New to Google Ads are responsive search ads. Not all accounts will see this option yet, but for many of our big accounts we are starting set up now.
A responsive text ads consists of the following items.
Six 30 character headlines.
Two 90 character descriptions.
A final URL.
Two 15 character paths.
Additionally Google gives some additional best practices for setting up your responsive search ads.
Google recommends only using a keyword in your account or dynamic keyword insertion in two of your six headlines. They recommend that other headlines mention, price, shipping, a unique feature, or a special promotion.
When Google Ads renders the ads your ad assets can be bundled in any number of ways by device. You may see three headlines, two headlines, or one head line and a description, or even two headlines and one description. It is all Google Ads choice.
Setting up the responsive search ads take about 12 to 18 minutes each. We are currently testing versions in client accounts. Will they convert better than a typical search ad? Google Ads says yes, so the time investment to create them is valuable.
Should you use automated bidding methods in Google AdWords? The answer is both yes and no. Google AdWords aggressively requests for you to use automated bidding when they feel that you may get more conversions.
Before you jump in and change to maximum click bidding, target CPA bidding or maximize conversion bidding evaluate if Google will really have enough data to properly serve your account.
Here’s what I have seen in client accounts – if there are less than 15 to 20 conversions in any ad groups in a campaign and Google recommends target CPA bidding or maximize conversions, your click traffic will drop significantly and your cost per conversion will increase. Your cost per click will go through the roof.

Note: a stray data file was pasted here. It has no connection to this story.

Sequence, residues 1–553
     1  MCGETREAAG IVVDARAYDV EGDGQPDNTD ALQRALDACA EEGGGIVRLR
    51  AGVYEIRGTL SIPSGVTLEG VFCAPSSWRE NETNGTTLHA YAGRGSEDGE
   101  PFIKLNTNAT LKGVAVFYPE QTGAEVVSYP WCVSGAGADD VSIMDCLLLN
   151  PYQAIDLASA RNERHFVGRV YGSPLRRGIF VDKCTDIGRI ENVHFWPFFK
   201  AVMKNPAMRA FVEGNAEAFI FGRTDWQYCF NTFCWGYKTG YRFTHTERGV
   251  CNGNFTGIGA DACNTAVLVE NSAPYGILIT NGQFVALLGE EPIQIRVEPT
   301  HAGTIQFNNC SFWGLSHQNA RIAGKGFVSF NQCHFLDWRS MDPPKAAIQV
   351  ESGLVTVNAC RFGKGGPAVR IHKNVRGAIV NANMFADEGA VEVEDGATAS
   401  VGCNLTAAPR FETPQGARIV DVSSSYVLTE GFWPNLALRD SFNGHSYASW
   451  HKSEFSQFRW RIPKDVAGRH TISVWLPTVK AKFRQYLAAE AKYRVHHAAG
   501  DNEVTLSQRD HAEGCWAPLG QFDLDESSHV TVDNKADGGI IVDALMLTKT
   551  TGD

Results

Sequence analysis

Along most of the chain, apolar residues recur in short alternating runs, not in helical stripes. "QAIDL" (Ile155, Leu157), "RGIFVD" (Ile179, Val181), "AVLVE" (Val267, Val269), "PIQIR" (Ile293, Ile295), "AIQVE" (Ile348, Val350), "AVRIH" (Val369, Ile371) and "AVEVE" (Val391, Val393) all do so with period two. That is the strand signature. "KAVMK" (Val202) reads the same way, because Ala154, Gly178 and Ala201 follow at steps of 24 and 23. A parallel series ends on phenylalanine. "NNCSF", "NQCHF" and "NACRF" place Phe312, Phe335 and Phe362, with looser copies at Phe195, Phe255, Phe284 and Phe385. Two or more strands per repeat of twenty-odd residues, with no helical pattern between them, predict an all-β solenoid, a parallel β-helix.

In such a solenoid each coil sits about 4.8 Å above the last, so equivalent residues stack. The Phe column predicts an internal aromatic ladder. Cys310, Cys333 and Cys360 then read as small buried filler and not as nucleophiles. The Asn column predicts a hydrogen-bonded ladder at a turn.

If you have 15 to 20 conversions in a 30 day period, Google AdWords may very effectively be able to increase conversions and lower costs.
I caution moving directly into these bidding algorithms without these conversion numbers, even if AdWords says there will be an improvement.
When I do enable automated bidding, I very carefully monitor costs and conversion numbers. I have seen these automated bidding algorithms crash top performing accounts or crazily line Google’s pockets with cash by boosting up the cost per click to numbers I would never choose to bid to.
Each year I have to recertify with Google to keep my Partner status. I take the AdWords Fundamental Exam every year and every other year I also take the AdWords Advanced Search Exam. These are not “gimme” tests. I study over 30 hours for each professional certification examination and am tested on over 1,000 pages of features in AdWords as well as account management techniques.
These exams are hard. They are comprehensive, and studying the materials is a key to staying up-to-date on AdWords features and their use. I personally feel that I benefit tremendously from these intensive refreshers and so do my clients.
Google Evaluates Our Account Management Practices
As a Google Partner, Google monitors activity in my MCC (My Client Center) account. The MCC is where all my firm’s client accounts are linked, to allow me one login to manage all accounts. Google reviews how frequently I am in client accounts, the benefit of the changes I make to account performance and the features I am are using for each account.